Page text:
Have you not seen?

I should be used to it by now but it amazes me each time this happens – when my life and the scripture readings coincide.  I am Simon this week.  My mother-in-law is sick, she is dying.  She is lying in a hospital bed in Smith Falls with Pneumonia, Pulmonary Fibrosis, and dementia and in a general weakened state.  The decision was made Friday that no more extreme measures will be taken and she will only have comfort care.  The decision was made Saturday that she would be removed from her IV, and oxygen and antibiotics would cease.  Rob and his sisters are with her in this time that may be hours or days but my mother-in-law is closer to death than life.  I wonder what Jesus healing outstretched hand is offering to my husband and his sisters and his mother in this time – I hope it is offering relief and strength, I hope they are able to let go and be grateful for the love they have shared with their mother, I also hope that it feels liberating, for Phyllis, my mother-in-law as she moves from this world to the world beyond and my biggest hope is that they all find a sense of peace.  I do know that Jesus is not offering restoration in the traditional sense, that she will be not like Simon’s mother-in-law, rise up out of her bed and offer food to her children and the nursing staff.  But I do know that Jesus is offering healing;

  • whether it is reconciliation between the family members
  • or forgiveness for past wrongs and affronts
  • or understanding towards each other about the different values each sibling carries
  • or acceptance that the decisions that they made regarding Phyllis’ care were best ones they could have with the information they had at the time
  • or relief that Phyllis’ pain is ending and suffering is over

Jesus healing hands are reaching out right now to offer Rob’s family healing in this time.

And I am also assured that God is there in that room with them as they say their goodbye’s to their mom.  I have been with people as they have died and the one thing that I can say about every deathbed I have been it is that the room was never empty, God was there too, it was palpable – you could feel it.  God is there to comfort, God is there to offer strength, God is there to support and uphold and love – God’s love fills the room of the dying.  God’s presence is comforting.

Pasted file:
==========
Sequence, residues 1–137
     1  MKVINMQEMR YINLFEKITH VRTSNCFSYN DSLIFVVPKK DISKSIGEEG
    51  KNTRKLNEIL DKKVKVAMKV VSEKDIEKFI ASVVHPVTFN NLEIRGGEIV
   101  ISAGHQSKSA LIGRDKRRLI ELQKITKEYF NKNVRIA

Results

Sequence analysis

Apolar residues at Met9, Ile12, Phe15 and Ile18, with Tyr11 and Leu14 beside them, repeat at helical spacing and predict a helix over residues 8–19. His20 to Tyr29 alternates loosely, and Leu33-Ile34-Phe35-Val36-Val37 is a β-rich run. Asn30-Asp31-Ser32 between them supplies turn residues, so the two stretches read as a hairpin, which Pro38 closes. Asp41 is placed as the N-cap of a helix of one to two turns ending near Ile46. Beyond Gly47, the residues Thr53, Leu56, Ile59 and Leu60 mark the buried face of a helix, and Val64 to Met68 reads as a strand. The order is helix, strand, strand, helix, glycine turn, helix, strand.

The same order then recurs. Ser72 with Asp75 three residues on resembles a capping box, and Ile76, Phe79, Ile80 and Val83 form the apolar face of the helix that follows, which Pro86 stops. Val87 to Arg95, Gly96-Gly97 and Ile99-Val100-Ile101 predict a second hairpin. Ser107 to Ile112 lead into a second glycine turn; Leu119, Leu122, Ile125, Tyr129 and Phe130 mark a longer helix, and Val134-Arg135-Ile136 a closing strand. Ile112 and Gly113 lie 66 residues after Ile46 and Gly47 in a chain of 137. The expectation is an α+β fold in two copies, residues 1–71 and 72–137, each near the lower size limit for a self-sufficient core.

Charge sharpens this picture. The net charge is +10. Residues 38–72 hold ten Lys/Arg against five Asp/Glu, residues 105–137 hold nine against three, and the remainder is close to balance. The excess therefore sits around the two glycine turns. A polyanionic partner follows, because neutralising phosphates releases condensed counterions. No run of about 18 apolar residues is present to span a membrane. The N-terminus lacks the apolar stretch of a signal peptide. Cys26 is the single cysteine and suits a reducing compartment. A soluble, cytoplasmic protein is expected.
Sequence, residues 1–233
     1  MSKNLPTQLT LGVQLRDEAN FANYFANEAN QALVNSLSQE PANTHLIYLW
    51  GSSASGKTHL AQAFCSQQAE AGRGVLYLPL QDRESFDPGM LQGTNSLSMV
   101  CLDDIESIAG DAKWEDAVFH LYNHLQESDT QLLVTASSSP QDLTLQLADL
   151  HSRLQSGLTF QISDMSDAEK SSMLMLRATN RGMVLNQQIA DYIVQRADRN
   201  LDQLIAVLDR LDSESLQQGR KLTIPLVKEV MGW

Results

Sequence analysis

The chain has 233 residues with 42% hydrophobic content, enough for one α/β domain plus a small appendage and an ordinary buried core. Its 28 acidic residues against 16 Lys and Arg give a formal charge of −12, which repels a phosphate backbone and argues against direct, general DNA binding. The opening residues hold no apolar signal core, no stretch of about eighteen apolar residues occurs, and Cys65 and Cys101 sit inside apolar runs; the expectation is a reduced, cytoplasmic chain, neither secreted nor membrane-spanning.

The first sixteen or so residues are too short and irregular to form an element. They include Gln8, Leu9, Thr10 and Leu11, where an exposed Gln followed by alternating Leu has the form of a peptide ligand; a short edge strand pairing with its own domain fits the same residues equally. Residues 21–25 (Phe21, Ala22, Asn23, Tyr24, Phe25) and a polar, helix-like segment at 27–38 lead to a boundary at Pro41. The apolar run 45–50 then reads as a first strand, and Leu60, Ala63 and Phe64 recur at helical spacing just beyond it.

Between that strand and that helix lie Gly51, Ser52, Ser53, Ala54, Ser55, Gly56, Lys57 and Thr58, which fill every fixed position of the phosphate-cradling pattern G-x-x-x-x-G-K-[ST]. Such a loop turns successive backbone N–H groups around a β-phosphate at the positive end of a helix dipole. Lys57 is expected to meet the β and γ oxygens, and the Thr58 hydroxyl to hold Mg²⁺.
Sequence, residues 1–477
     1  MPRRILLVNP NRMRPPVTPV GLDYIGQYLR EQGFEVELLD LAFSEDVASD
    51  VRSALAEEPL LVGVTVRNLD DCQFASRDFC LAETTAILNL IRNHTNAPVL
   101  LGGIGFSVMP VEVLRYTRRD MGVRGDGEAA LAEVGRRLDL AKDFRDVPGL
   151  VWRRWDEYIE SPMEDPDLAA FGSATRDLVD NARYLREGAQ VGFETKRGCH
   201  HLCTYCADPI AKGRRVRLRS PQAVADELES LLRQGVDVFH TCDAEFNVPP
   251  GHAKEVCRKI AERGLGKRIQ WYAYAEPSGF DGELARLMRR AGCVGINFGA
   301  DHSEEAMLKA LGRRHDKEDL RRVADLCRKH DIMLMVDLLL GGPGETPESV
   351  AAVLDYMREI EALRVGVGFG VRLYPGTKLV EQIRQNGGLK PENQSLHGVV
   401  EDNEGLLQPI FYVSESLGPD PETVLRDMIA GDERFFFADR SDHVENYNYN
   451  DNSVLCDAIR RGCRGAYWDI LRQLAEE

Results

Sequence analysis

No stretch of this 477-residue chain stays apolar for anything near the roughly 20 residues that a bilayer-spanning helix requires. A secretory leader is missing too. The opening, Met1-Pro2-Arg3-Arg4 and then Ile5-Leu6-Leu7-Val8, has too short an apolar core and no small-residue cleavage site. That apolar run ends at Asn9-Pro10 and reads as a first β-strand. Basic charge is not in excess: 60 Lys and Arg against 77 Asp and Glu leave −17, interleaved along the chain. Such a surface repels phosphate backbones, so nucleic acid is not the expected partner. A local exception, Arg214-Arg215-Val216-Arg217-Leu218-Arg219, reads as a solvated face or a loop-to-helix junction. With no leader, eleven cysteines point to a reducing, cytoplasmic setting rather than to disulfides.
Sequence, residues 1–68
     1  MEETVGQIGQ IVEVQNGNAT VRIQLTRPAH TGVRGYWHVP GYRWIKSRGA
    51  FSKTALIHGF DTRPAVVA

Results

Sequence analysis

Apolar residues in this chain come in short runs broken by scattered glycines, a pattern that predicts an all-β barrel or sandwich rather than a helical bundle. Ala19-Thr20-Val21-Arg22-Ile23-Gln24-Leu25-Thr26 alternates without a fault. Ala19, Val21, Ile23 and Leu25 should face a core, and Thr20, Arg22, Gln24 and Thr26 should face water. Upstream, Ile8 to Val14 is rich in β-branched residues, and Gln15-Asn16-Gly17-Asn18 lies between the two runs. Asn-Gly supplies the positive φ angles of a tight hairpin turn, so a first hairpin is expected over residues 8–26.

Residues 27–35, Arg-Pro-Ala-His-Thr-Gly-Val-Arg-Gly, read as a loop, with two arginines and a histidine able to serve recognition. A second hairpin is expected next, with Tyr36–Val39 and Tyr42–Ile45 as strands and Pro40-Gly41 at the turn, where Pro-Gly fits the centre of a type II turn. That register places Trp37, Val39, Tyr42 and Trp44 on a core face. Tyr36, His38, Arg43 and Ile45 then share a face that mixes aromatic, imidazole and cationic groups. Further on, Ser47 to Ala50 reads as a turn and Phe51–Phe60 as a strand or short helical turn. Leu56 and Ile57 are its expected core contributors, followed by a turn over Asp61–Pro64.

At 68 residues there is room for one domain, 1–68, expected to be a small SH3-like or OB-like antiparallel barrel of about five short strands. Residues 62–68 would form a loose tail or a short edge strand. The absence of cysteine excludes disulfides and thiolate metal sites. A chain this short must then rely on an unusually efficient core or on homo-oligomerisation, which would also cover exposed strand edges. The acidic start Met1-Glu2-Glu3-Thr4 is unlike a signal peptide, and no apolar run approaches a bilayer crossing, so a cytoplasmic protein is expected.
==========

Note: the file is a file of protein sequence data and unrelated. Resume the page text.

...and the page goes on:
Comfort oh Comfort my people says God in the beginning of the 40th chapter of Isaiah, 20 verses before our reading that Valarie read a few minutes ago.  It is the beginning of a new section of Isaiah – most scholars believe that chapter 1 -39 is spoken by the prophet Isaiah and from 40 onward, scribes and scholars are writing using Isaiah’s voice.  For there is a shift at this point – chapter 40 – where the people to whom Isaiah is speaking have changed – they are now a people in exile – the Hebrew people have been conquered by the Babylonians and have been scattered.  Some have been taken as slaves, some have had to leave the ruined city and find refuge elsewhere – but whatever their circumstances – the Hebrews are now living in a time when all that they have known and all that they have trusted has shifted – and they are strangers in a strange land, and they have witnessed the destruction of their temple and their culture and their nation.  These prophetic words from chapter 40 onward are spoken into this time of upheaval and confusion.